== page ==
- The Sound Test: If you’ve exhausted the above methods and still have some doubt about whether your jade is real or not, try the sound test. Tap against the stone with something metallic like a key (not hard enough to break it) and listen closely. If it is glass, plastic, or any other type of lightweight inauthentic material, the sound will be hollow, almost like an echo. If your jade is authentic, the sound will come back deep, resonant, and a little more muted.
- The Scratch Test: An even simpler way of determining whether your jade is real or not is by conducting a scratch test. Authentic jade is so hard that it will not scratch easily with a piece of metal or any other everyday object. Not even steel can damage jade’s surface. Scratch the stone’s surface with a steel object like a knife or a needle. If this leaves a clear and obvious mark, the stone is either fake or low quality.
Which Grade of Jade do you Have?
There are three different grades of Jade, all different levels of quality. Jewelers will often use different techniques to stabilize a stone, such as bleaching or layering. Depending on the type of treatment the stone gets, there are three different grades.
Type A: the jade is natural, meaning it hasn’t been artificially treated in any way. Any element used for cleaning or polishing the stone is also natural like plum juice or beeswax.
Type B: the jade stones are authentic and retain their natural color, however, they have received some extent of artificial treatment. These stones are often bleached for purification and then injected with polymers so as to intensify their translucency. Type B jade tends to look more polished than type A, but is less durable and tends to become brittle over time due to the polymer injections.
Type C: the lowest grade among all jade types due to the stone having been treated. These stones are bleached and dyed extensively to enhance their transparency. Since the stones are already low quality, these treatments make them last for a much shorter amount of time.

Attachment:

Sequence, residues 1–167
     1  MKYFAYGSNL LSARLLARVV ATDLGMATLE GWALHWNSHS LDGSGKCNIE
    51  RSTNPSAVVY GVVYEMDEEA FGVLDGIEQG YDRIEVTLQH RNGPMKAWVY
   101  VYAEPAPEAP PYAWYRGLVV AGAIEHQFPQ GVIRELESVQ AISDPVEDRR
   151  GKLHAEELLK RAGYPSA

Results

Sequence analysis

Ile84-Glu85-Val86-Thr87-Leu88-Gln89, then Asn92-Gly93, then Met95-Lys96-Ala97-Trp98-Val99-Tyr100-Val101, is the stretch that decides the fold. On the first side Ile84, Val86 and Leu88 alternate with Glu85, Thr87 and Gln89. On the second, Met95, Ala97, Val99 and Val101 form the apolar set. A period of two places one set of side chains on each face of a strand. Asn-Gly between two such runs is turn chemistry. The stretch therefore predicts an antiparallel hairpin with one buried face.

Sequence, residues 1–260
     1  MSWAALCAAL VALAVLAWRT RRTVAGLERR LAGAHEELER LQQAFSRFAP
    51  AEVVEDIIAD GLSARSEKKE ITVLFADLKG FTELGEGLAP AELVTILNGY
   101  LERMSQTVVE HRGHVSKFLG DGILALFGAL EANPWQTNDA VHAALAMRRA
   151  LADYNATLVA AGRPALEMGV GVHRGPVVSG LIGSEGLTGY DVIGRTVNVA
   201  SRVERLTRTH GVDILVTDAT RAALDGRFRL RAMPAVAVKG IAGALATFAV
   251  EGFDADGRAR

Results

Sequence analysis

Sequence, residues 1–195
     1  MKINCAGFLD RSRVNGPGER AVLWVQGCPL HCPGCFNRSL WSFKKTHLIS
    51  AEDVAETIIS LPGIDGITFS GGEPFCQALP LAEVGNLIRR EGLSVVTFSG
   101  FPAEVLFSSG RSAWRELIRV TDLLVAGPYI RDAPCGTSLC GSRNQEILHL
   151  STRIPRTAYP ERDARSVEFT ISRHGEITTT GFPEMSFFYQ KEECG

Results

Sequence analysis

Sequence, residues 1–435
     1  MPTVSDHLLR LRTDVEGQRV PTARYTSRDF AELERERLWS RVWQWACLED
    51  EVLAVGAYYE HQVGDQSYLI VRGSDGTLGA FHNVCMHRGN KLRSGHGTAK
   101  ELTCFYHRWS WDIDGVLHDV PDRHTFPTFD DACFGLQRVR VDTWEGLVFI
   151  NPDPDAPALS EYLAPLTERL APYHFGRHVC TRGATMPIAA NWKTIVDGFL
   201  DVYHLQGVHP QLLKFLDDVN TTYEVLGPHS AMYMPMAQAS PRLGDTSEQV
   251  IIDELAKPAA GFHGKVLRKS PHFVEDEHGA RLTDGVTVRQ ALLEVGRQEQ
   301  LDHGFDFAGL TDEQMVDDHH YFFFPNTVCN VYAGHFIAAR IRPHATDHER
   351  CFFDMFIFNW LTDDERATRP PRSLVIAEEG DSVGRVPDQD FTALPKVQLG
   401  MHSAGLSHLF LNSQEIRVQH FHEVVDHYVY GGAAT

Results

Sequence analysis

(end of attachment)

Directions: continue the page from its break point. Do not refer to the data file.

Popular Imitation Jade Varieties
Some stones and crystals look a lot like jade, but are made up of different elements. They are often passed off as jade and sold at a much higher price.
Serpentine Jade (New Jade, Korean Jade, Olive Jade) is widely used as a jade substitute because it is almost identical in coloration. However, serpentine is much softer and would not pass a scratch test. With colors ranging from shades of green to brown and yellow, it will show an obvious white cloud shape under the light test.
Transvaal Jade (Grossular Garnet, South African Jade) is white in color, but can also be found in other varieties including green, red, and yellow, of which the green most resembles jade on the surface. To increase its value, it is called Transvaal Jade.
Prehnite is a brittle stone which resembles jade because of its light green and yellow shades. Also available in a few other colors including clear transparent, it has a glass like appearance.
Malaysia Jade is quite popular in southeast Asian countries as its quartz translucency causes it to be frequently mistaken for a high quality jade. It is available in almost every color because it is easy to dye, with the most common colors being blue, red, and yellow.
Australian Jade (Chrysoprase) is found mostly in Queensland, Australia and closely resembles the Burmese (imperial) Jade. Because of its nickel mineralization, the translucent stone appears in various shades of green.
Mountain Jade (Dolomite Marble) is mostly found in Asia and has the resemblance of not only jade, but also several other high quality gemstones because it can be dyed to almost any vivid color.
Aventurine is a variety of quartz which very closely resembles and feels like Jade. The most common color is green, but it also appears in blue, orange, yellow and brown.